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Texas bill would let people sue drag queens who perform in front of minors

A person in drag makes a surprised expression while holding up a fan in front of people seated at tables
Gabriel C. Pérez
Drag queen Maxine LaQueene performs for customers at a drag brunch in Austin last year.

A Republican lawmaker is seeking to restrict drag performances in Texas by pushing for a bill that would allow people to sue those who perform in drag in front of a minor.

House Bill 4378 was filed by Rep. Steve Toth, R-Woodlands, on Friday. If passed by the Texas Legislature, it would allow someone to bring legal action against people in drag if they attend an event as a minor "in which a performer exhibits a gender that is different from the performer’s gender recorded at birth.”

Johnathan Gooch, communications director of the LGBTQ advocacy organization Equality Texas, said the scope of the proposal makes it very dangerous.

“The language is so broad that traditional theater venues, productions of Shakespeare, all kinds of plays where a trans performer or even a cis performer is acting out a role that involves cross dressing would also be on the chopping block,” Gooch said.

The text of the bill defines a drag performance as “performance in which a performer exhibits a gender that is different than the performer's gender recorded at birth using clothing, makeup, or other physical markers and sings, lip syncs, dances, or otherwise performs in a lascivious manner before an audience.”

The measure has a 10-year statute of limitations, and successful plaintiffs could be awarded $5,000 in damages.

Toth declined an interview with The Texas Newsroom on Tuesday morning. His office didn't reply to a detailed list of questions regarding the measure.

This is not the only bill targeting drag shows — a different bill before the Texas Legislature would classify drag performances as sexually oriented businesses and make host venues pay additional taxes.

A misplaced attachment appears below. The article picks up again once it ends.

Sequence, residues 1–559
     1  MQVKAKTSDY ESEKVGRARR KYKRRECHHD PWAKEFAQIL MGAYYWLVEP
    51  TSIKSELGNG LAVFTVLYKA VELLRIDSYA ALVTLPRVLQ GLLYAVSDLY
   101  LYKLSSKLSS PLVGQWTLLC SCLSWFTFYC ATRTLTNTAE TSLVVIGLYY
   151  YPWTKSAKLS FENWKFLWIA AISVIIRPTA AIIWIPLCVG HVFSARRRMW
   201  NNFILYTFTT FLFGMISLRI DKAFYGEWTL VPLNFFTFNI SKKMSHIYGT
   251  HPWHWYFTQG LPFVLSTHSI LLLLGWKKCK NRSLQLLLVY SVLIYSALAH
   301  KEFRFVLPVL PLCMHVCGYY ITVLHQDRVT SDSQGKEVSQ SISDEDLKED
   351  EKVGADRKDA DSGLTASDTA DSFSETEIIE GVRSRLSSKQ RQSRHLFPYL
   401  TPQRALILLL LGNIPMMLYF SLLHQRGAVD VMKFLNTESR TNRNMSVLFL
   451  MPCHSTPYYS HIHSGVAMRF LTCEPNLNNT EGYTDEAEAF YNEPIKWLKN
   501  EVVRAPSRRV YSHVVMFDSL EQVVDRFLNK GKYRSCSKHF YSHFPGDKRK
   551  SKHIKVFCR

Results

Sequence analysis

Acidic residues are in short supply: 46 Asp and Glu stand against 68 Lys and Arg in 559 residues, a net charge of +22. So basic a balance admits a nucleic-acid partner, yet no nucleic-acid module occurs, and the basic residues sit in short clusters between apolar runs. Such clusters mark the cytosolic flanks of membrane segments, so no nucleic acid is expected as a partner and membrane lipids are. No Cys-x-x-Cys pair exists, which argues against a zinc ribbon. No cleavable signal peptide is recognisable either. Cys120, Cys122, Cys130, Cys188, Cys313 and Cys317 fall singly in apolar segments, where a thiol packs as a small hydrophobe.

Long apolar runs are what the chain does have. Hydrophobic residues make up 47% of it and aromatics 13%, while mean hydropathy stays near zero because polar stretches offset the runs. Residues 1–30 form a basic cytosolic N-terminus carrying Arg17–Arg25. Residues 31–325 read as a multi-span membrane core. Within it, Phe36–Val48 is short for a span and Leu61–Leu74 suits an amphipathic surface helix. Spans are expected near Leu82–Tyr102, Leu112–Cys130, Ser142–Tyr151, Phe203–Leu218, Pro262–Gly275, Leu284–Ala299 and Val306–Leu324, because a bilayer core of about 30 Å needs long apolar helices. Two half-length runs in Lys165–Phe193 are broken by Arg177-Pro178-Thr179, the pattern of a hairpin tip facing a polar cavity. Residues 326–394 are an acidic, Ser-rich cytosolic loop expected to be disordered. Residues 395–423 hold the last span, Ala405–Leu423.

However, HB 4378 is noteworthy for how it’s written, Gooch said. It empowers children — as well as their guardians — to sue to shut down drag performances.

“Where is the limit to what they are trying to impose?” Gooch asked. “In some ways, it's very much a gender police where lawmakers are imposing their own ideas about what gender should look like on performers across the state.”

Brian Klosterboer, an attorney with the ACLU of Texas, told The Texas Newsroom the legislation is a clear violation of the First Amendment.

“It is part of a wave of political attacks against LGBTQIA+ Texans where the government threatens to ban life-saving health care, censor our identities, and ban artistic expression that has existed since the days of Shakespeare,” Klosterboer said in a statement.

“This bill is also nonsensical in how it goes far beyond drag shows to create a statewide gender police and limitless lawsuits for any type of performer who defies gender stereotypes," he added.

Sergio Martínez-Beltrán is the former Texas Capitol reporter for The Texas Newsroom.
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